3. 3. CPCU 556 Personal Financial Planning - Part 3 Investments & InvestmentPlanning Key Terms investment and tax considerations 4 income tax is lower on capital gains than ordinary income (top rate 18-20%) 5 Numerous planning techniques to avoid capital gains tax, defer taxation, or stretch out a gainCapital Gain Limitations (3) 1 inherently uncertain 2 capital gains lock-in problem for highly appreciated assets 3 investing for capital gains places greater emphasis on investment skills (using experience, average annual compound rate of gain, rule of 72, etc.)Rule of 72 Average annual rate of gain = Average annual compound rate of capital gain = (72/number of years it takes an investment to double in value)Average Annual Compound (geometric) Rate of The final value of asset or asset group includesTotal Return initial value and annual cash flows (dividends, rents, etc.) during the period. Unless the yearly total returns are exactly the same, the geometric average annual rate of return will be less than the arithmetic average annual rate of returnAfter Tax Yield After tax yield = yield rate *(1 - tax bracket rate)Taxable Equivalent Yield Taxable Equivalent Yield on tax exempt asset = Asset yield/(1 - investor’s highest marginal income tax rate).After Tax Total Return Must consider whether capital gains (or losses) are partly ordinary income and partly capital gains3 methods of diversification Diversification = mixing types of investment media, e.g. common stocks, bonds, CDs, money market funds, preferred stocks/bonds, etc., life insuranceDonna M. Kesot, CPCU April 1, 2012
  4. 4. CPCU 556 Personal Financial Planning - Part 3 Investments & InvestmentPlanning Key Terms and annuities, real estate, & other tax shelters 1. Investments made through financial institutions that diversify their investments 2. Purchase one or more securities/units periodically over a long period of time (dollar averaging) 3. Investor follows own diversification strategyDonna M. Kesot, CPCU April 1, 2012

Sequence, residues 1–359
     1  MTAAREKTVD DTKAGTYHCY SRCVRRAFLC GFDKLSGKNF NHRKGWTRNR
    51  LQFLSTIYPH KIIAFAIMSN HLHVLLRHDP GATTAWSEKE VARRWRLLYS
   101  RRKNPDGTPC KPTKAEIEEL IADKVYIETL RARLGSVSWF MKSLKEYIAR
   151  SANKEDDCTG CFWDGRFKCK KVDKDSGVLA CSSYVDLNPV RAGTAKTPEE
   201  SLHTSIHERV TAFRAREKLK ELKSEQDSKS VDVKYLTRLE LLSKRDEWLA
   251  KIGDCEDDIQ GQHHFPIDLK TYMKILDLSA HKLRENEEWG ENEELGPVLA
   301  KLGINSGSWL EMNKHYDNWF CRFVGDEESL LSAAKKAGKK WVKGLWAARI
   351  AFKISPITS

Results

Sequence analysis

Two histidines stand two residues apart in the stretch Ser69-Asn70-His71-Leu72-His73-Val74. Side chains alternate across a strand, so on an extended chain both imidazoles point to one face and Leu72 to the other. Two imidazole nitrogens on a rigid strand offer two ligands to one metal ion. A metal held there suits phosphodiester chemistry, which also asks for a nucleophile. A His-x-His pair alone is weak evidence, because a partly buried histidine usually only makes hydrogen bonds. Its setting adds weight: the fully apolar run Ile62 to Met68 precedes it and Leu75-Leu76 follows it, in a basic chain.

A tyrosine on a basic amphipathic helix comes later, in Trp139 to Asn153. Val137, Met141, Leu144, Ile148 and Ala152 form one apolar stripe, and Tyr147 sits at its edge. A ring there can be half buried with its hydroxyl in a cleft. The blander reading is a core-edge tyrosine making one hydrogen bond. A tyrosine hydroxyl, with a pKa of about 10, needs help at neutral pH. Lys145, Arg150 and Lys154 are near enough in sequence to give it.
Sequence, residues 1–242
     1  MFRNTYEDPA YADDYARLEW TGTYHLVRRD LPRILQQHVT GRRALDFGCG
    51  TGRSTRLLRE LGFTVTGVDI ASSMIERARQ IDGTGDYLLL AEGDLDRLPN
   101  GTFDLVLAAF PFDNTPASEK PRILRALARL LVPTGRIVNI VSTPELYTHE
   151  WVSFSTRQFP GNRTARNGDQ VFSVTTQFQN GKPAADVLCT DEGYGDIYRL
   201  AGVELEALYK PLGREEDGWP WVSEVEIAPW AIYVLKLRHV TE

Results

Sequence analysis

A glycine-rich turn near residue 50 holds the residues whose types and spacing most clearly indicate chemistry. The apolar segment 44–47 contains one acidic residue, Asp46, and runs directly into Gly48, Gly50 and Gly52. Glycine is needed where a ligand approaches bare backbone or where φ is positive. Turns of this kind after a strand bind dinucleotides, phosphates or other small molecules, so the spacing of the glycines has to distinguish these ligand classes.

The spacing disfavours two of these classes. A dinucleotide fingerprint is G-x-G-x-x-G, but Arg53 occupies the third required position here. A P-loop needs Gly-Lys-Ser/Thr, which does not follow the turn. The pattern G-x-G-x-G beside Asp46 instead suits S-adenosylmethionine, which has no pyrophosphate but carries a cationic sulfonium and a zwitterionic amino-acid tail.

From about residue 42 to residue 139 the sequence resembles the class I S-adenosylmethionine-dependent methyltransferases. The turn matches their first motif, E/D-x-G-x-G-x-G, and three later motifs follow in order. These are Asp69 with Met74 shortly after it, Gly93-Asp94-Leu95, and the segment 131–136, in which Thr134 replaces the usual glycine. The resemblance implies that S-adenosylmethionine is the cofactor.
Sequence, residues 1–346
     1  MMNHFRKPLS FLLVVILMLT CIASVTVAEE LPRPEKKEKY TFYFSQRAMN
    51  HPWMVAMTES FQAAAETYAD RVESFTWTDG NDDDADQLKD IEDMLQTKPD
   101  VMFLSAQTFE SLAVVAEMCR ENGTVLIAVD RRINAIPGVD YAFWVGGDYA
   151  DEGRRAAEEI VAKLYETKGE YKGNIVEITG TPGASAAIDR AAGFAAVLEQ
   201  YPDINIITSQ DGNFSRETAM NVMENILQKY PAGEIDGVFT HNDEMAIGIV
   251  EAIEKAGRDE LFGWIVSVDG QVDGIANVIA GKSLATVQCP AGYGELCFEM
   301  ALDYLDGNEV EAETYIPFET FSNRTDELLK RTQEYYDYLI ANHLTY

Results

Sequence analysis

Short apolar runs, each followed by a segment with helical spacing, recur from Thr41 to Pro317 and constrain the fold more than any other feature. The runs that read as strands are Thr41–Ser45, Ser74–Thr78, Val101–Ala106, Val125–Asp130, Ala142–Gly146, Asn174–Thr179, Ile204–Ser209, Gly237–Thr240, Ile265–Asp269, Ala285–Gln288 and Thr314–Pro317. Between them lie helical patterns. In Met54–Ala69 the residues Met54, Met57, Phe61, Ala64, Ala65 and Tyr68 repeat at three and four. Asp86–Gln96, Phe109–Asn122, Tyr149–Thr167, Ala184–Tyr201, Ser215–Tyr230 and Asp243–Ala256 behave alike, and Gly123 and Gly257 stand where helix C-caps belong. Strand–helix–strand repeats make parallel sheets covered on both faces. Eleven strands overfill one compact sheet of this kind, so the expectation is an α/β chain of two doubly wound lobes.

5. 5. CPCU 556 Personal Financial Planning - Part 3 Investments & InvestmentPlanning Key Terms5 Measures of value for common stocks Earnings per Share Price–Earnings Ratio Net Asset Value (book value) per Share Liquidated Value per Share YieldsDollar Cost Averaging The investment of a certain sum of money, at regular intervals, in the same stock or stocks or the same investment intermediary.Margin Accounts Allows investors to put up some of their own money and borrow the remainder. The (initial) minimum down is set by the Fed.Selling Short Selling securities that the investor either 1. does not possess, and therefore must borrow to settle the account; or 2. does possess, but does not wish to deliver. Taxpayer Relief Act (1997) generally eliminated selling short-against-the box, except limited circumstances.SIPC Securities Investor Protection Corporation, an outcome of 1970 Securities Investor Protection Act to provide funds to protect customers of an SIPC member firm if the firm becomes insolvent and is liquidated (generally fully paid securities “specifically identified” as belonging to the investor.Types of Stocks Growth Stocks, Income Stocks, Defensive Stocks, Cyclical Stocks, Blue-Chip Stocks, Speculative Stocks (is FB a speculative stock?), Small and Midsize Company Stocks (small cap), Special Situation Stocks (e.g. new processes, product, resource, invention, etc.), Foreign StocksDefensive Stocks Stable and comparatively safe stocks such as utilities and food whose utility is not eliminated byDonna M. Kesot, CPCU April 1, 2012